The new chairman of the Department of Human Services pledged to a small group of lawmakers Tuesday that the agency director's performance would be reviewed and the sprawling agency's organizational chart would be reviewed within a year.
“Our commitment is to make improvements to the agency,” Brad Yarbrough said. “We are going to be best served looking forward.”
Legislators, showing signs of impatience and frustration, said they may file measures in an attempt to make the agency more effective, to reduce the number of deaths of children in state custody and to make it more responsive when tragedies or mistakes occur.
Agency breakup proposed
Rep. Richard Morrissette said DHS is too big and he intends to file legislation that would break up the state's largest agency into three separate departments. One would oversee children's services, another would administer services for the elderly and the third would handle services for the developmentally disabled.
“The one in three people in Oklahoma that are being served by DHS needs to have an agency that is responsive to the 21st century,” said Morrissette, D-Oklahoma City. “Right now it is structurally archaic and it must be changed. Now either they do it or we're going to do it.”
DHS Commissioner Richard DeVaughn, who formerly served as commission chairman, said such a proposal would create additional bureaucracy and “run the cost up.”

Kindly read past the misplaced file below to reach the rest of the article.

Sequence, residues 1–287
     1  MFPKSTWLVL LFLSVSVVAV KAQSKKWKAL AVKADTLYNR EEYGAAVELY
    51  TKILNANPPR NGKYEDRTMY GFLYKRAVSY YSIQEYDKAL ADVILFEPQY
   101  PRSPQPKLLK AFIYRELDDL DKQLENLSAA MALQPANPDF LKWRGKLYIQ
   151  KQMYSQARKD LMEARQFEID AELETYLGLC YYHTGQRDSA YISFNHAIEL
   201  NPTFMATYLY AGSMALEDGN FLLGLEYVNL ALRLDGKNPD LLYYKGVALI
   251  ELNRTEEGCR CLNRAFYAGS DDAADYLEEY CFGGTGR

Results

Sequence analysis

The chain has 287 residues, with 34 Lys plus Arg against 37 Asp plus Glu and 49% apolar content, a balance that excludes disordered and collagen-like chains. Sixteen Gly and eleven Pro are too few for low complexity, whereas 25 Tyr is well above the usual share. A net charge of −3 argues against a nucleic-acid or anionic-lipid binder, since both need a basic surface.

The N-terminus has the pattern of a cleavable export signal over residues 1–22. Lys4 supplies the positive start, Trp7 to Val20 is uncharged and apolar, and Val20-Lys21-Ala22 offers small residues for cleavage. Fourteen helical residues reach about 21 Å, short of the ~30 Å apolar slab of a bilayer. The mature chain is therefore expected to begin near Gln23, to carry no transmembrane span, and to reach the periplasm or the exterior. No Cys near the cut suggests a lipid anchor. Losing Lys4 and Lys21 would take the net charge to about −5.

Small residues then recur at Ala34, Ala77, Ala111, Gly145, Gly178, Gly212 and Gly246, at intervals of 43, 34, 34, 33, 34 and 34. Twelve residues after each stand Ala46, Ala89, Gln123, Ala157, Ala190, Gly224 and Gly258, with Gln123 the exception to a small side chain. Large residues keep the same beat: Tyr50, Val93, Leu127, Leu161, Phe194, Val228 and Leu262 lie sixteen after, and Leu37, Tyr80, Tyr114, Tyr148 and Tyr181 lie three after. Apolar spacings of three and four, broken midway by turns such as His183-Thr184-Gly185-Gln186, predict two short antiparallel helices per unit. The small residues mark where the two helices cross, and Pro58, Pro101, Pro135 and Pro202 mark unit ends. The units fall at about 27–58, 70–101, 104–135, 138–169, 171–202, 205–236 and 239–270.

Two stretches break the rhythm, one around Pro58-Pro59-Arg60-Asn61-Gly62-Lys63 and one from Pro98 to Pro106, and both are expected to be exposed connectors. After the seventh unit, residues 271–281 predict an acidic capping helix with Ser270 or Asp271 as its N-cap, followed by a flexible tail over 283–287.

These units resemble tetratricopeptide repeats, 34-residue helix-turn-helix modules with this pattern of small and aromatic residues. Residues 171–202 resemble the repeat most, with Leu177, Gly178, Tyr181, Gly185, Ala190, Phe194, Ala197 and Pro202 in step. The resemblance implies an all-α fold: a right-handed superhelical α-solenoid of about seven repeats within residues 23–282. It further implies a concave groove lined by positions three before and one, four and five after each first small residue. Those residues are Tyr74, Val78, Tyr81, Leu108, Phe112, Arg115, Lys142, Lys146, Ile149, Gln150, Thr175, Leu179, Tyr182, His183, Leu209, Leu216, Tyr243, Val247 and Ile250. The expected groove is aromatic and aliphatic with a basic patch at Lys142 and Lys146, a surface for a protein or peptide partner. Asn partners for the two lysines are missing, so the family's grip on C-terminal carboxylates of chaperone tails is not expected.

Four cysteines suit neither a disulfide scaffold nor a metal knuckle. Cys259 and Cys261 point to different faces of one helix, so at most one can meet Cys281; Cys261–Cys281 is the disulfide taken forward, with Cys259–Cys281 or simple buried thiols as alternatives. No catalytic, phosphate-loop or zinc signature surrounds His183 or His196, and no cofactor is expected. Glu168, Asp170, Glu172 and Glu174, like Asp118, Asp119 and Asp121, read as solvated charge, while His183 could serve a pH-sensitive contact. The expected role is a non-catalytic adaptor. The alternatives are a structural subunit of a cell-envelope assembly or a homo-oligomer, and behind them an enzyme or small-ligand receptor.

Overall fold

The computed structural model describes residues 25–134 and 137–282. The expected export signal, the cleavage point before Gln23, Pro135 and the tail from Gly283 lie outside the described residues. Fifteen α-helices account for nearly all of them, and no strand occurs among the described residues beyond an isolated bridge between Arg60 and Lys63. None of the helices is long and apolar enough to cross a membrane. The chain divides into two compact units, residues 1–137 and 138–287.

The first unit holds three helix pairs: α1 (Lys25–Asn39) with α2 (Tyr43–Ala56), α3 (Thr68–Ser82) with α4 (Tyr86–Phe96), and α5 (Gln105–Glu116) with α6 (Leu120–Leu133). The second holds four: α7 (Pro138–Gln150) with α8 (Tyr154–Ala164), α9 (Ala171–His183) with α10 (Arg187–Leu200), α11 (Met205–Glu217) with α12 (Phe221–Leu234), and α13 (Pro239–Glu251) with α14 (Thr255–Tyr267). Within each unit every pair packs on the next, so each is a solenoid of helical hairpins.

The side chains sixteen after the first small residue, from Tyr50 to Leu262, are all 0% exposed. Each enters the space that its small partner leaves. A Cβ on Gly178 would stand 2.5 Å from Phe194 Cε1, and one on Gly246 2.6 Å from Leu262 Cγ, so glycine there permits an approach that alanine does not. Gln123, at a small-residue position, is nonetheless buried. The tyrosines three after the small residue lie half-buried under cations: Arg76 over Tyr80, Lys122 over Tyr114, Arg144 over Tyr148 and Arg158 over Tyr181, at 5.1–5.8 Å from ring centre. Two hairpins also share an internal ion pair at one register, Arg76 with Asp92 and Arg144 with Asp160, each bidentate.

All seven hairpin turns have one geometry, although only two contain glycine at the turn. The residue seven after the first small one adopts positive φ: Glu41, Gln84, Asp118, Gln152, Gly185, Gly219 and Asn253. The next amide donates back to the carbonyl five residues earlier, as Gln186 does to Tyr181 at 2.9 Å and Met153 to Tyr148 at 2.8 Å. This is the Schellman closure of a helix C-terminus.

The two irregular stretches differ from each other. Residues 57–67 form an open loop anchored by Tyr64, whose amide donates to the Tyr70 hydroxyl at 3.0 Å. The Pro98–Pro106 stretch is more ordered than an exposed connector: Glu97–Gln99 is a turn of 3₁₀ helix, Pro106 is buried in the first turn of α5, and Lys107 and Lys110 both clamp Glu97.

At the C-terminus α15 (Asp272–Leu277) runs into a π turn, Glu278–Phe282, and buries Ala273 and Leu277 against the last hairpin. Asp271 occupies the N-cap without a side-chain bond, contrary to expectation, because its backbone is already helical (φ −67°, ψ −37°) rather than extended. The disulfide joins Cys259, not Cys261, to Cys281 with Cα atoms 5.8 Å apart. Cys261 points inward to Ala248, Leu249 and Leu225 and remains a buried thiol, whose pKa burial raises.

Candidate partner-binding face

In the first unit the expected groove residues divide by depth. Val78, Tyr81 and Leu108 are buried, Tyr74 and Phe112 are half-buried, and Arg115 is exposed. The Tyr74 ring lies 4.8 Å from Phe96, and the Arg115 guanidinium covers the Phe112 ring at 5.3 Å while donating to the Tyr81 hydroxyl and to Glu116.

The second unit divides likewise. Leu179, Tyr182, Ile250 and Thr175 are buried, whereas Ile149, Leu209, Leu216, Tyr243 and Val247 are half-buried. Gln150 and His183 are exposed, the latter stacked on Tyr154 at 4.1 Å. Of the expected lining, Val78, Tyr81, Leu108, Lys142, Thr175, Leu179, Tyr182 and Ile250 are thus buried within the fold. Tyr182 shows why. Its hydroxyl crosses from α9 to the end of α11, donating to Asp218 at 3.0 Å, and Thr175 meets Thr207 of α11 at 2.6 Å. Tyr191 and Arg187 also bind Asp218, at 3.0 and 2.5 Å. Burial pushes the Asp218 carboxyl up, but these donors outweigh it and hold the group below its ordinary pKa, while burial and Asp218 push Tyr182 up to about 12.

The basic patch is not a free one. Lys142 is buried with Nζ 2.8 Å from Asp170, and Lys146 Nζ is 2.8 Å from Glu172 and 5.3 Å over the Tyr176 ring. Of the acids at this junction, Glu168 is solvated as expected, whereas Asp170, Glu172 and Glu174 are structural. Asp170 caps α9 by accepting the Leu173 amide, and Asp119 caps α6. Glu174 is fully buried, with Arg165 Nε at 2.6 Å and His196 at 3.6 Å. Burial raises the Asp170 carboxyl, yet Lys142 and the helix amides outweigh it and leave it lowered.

Morrissette, along with Rep. Mike Sanders, asked DHS commissioners to meet with lawmakers after two children died this summer while in the agency's custody. Problems are occurring, but it doesn't appear policies are changing, they said.
“This is not a witch hunt,” said Sanders, R-Kingfisher. “We're just trying to figure out how to fix a major problem that has given a black eye to our state.
“We need as many eyes and hands on deck as possible on this.”
Morrissette said commissioners violated their own rules by failing to give an annual performance review of DHS Director Howard Hendrick.
Commissioner Michael Peck, who has served the longest on the commission — 13 years — said the last review of Hendrick occurred in 2008. However, he said Hendrick should remain as agency director.
Yarbrough, who was appointed last month to the commission and on Tuesday was named its chairman, said a performance review of Hendrick is among the issues the commission intends to undertake within the year.
“We believe that staff is doing their best to stay out of the headlines,” he said. “Really, they want to protect children.”
Finding proper role
Commissioners last month selected Yarbrough to serve as chairman of an organizational structure committee to determine its proper oversight role. And at the same time the commission named Wes Lane, a former Oklahoma County district attorney also appointed to the commission last month, to head up a special review committee that will look into deaths of children and adults in DHS care.
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